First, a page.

|This illustration graced an NIH consensus development conference poster in 1994.
While scientists work in their labs in the Clinical Center, a different kind of creative process is taking place several floors below. Artists are at work.
For decades, medical illustrators and graphic designers have helped NIH scientists tell the story of their research and have contributed to the understanding and awareness of advances made here.
The contribution of the artists and their collaboration
with scientists is celebrated in a new exhibit in the CC galleries. “NIH Medical Illustration and Poster Design Past to Present,” features a collection of illustrations from the 1950s to the present and a retrospective of posters created by NIH Medical Arts.
"I think our posters and medical illustrations should be the best in the country because we represent the country in the field of health care," says lead illustrator Alan Hoofring. "We should push the envelope and set a look that everyone else wants to achieve."
"The medical illustrators at NIH are phenomenal artists," says Lillian Fitzgerald, curator of the CC galleries.
"Their illustrations are an integral aspect of our research and part of the fabric of how NIH works," adds Crystal Parmele, director of the CC art program.
The exhibit provides a window on how both science
and the visual arts have progressed during the past 60 years. Illustrations on display represent
a range of topics and artistic styles and show the evolution of approaches from hand-drawn to computer-aided and three-dimensional renderings.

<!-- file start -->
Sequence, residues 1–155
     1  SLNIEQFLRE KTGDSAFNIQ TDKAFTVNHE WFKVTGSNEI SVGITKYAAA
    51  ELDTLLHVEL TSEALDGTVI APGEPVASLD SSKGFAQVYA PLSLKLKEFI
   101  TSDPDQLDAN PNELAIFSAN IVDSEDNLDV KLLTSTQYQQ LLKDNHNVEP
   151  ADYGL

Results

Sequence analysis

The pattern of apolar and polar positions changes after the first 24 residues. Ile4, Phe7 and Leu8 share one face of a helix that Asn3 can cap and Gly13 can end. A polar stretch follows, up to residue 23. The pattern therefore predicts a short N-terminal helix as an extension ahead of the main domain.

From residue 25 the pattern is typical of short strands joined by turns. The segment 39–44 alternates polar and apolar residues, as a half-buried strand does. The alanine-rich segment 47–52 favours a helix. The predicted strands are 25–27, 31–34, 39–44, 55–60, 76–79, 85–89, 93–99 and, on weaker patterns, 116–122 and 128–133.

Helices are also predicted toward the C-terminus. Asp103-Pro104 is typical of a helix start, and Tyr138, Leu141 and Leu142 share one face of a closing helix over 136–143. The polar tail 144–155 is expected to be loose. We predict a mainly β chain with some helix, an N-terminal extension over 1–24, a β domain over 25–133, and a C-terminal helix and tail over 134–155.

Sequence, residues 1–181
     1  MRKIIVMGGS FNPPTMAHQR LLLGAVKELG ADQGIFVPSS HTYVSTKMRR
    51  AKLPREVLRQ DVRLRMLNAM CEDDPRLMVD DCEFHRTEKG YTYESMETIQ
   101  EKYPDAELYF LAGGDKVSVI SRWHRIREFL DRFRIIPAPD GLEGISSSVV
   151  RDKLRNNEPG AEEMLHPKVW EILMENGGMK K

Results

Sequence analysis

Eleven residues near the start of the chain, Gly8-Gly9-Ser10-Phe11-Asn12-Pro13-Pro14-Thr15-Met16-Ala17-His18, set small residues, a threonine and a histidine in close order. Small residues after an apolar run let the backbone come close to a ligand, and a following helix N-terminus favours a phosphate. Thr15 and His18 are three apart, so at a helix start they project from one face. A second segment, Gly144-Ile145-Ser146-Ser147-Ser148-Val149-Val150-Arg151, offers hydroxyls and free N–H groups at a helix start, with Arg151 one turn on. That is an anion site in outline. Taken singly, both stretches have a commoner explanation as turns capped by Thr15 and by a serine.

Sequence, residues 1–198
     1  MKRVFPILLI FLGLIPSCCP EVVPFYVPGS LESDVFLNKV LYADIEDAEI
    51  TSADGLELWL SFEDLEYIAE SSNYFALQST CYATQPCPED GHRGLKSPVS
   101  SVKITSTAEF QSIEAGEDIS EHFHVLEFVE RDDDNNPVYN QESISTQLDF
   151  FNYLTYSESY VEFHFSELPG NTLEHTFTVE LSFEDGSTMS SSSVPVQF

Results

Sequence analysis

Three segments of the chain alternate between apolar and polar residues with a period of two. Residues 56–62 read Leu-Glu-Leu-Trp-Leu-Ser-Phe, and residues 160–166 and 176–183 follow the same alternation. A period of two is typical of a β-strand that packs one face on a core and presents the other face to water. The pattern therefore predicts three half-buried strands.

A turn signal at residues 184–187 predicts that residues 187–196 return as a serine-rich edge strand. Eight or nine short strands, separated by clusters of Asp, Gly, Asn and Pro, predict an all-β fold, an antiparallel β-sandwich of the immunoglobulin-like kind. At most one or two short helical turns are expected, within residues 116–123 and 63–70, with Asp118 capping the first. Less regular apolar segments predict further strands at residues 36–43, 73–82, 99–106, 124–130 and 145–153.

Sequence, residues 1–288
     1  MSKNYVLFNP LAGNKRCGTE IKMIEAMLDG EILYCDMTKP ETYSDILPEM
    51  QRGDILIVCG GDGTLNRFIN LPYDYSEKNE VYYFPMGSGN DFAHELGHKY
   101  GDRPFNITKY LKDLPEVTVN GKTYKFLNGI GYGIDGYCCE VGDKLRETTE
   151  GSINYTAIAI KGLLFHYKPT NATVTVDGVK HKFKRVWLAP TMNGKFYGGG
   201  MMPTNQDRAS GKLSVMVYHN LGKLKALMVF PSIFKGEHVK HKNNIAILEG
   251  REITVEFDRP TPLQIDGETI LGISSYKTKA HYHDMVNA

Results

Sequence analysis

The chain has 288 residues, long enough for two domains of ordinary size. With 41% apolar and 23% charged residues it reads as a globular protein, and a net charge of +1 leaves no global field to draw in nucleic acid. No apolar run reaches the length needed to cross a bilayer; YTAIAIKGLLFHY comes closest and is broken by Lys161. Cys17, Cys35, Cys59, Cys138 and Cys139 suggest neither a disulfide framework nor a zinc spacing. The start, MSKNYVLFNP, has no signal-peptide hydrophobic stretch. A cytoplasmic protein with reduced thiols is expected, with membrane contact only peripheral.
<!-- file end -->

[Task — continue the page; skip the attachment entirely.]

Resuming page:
|Alan Hoofring won an American Medical Illustration Award of Excellence for this work explaining the barriers encountered when trying to deliver drugs into the eye.
Hoofring's entry is a medical journal illustration explaining the barriers encountered when attempting to deliver drugs to the interior of the eye. It is a pencil sketch combined with imaging-editing software. There is a huge amount of information per square inch in the artwork.
At the other end of the spectrum is a bold and bright computer-aided rendition of an essential metabolic enzyme, pyruvate dehydrogenase, by Don Bliss, who is now with the National Library of Medicine. The artwork, requested by researchers to accompany a journal article, also made the cover of the publication.
The illustrators and designers, past and present,
say while the tools they use have evolved over the years, the biggest change has been the subject matter they are asked to represent. They are doing fewer anatomy and surgery pieces and more illustrations of research at the molecular level.
"We follow the science," explains Linda Brown, creative services director for NIH Medical Arts. "It's cutting-edge. The procedures are experimental. The science is new. It gives us the opportunity to do things that no one else gets to do."
And, they frequently do it first — illustrating topics that haven't been shown before.
|This poster was created in 1983 by Betty Hebb while she worked in NIH Medical Arts and was one of the first posters for an AIDS conference.